Like many woman I have faced many challenges. This includes
The culture shock from working in very vibrant environment like banking to working full time, voluntarily, as Minister in the Church for over two decades. I overcame some of the challenges through utilising transferable skills and developing a part-time career as a Conference speaker
The challenge of working in a primarily male dominated sector – The Church. I overcame this by my determination to be my authentic self along with the support of my husband.
I really cannot pinpoint a specific biggest achievement but can say each time someone gives me a nudge or a thank you for supporting them, I count that as a great achievement. Each time a husband tells me “my wife’s life turned around for good after you started mentoring her”, I count that as a great achievement.
The Wise Women Awards, an event I founded and have hosted for 17 years has given me the opportunity to celebrate ordinary women who are working in the community and each time I see a woman climb the podium for her award, I count that as a great achievement.
When a set of twins who are now 15 years plus told me “Mama our parents have never bought school bags for us because of the benefit of your annual back to school project” I saw that a great achievement.
I believe my faith and good home upbringing, contentment, empathy for others, good friends and great support from my husband and friends has played a major role in the success I’ve experienced.
I believe that mentoring is a good thing. It enables people to quickly learn insights and productive ways to conduct themselves professionally and personally that would otherwise have taken years to learn by trial and error. I highly recommend mentoring, particularly for those who aspire to be successful in their work, business and personal life.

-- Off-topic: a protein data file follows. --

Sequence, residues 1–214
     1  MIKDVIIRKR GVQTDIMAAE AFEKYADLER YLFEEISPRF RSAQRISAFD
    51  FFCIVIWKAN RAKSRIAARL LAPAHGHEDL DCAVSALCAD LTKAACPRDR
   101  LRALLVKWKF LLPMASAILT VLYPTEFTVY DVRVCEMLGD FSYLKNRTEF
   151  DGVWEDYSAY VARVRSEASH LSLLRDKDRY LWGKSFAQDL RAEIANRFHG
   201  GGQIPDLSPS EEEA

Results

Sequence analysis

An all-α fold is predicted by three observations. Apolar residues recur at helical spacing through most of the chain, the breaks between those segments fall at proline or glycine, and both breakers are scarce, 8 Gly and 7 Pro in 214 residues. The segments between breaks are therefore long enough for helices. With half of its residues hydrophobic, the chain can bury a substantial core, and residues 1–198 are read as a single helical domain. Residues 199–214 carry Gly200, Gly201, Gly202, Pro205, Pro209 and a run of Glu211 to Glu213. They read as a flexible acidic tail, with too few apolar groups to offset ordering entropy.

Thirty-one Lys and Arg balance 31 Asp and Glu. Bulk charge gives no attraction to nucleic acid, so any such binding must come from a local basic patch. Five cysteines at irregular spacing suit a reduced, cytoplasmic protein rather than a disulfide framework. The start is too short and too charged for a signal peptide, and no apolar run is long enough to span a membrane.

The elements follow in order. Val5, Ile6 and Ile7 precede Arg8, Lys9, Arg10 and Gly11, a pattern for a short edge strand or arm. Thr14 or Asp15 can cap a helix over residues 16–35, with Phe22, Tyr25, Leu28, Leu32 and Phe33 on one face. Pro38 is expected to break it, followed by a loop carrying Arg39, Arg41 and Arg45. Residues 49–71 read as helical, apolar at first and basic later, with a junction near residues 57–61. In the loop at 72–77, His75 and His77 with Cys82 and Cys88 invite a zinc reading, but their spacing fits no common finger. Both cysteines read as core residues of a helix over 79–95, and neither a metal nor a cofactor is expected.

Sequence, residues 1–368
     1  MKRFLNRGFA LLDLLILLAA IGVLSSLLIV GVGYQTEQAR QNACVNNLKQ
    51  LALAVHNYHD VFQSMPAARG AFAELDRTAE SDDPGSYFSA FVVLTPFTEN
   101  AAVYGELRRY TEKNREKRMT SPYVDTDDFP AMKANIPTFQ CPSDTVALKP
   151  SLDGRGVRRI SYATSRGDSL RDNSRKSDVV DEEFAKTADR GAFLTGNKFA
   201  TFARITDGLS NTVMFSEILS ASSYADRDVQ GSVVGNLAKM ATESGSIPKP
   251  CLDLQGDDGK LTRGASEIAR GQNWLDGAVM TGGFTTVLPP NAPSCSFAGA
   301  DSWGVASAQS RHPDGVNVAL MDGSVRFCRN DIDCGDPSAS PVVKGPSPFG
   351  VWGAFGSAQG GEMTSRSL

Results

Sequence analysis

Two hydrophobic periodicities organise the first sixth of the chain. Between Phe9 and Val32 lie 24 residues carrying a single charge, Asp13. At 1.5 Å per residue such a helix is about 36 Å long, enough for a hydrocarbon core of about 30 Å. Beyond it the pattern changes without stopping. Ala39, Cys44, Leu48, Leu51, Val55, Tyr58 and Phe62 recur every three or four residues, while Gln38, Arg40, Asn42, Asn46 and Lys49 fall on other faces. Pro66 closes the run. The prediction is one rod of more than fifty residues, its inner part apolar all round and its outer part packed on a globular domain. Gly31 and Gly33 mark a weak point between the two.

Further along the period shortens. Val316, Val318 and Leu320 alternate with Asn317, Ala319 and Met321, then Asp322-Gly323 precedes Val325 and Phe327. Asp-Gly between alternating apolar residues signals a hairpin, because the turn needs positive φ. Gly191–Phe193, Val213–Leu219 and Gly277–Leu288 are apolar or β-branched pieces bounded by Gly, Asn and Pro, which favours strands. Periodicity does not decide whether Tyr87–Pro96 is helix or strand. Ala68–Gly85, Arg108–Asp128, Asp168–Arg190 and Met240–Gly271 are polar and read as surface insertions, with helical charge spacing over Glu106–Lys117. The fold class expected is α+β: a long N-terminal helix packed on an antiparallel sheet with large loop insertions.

I have had the opportunity of being mentored throughout my career and Church work by those who have gone ahead of me in the field, and of course by my very first mentors who were my parents. I also have the privilege of currently mentoring business owners, pastors’ wives, women in leadership and women aspiring to leadership.
I believe the pace of change in this area would happen more quickly by encouraging men in top positions to always join discussions and conversations about Gender Equality.
As one gets older, more mature, and more experienced you become more reflective, you want to give back and do not want upcoming women to walk the same leadership route uncharted.
I’m hoping that by sharing my experience of serving in leadership it will help other women and provide them with the tools to enable them to become better leaders and effectively deal with challenges that they will encounter on their leadership journey.
My understanding about the concept of the double bind. This has given me more freedom to be my authentic self which has been so liberating.
My advice to my younger self would be always stay authentic to your true self and don’t let anyone stop you from doing so.
I am looking forward to getting more opportunities to stand on platforms as a public speaker to share my life experiences and lessons I’ve learnt with other leaders and those who desire to be leaders in order to prepare them for the road ahead.
For more information about Pastor Marjorie’s book The Leading Lady Her Life and Her Influence visit www.theleadingladybook.co.uk
Some of the proceeds from sales of the book will be used to finance some of Pastor Marjorie’s charitable activities.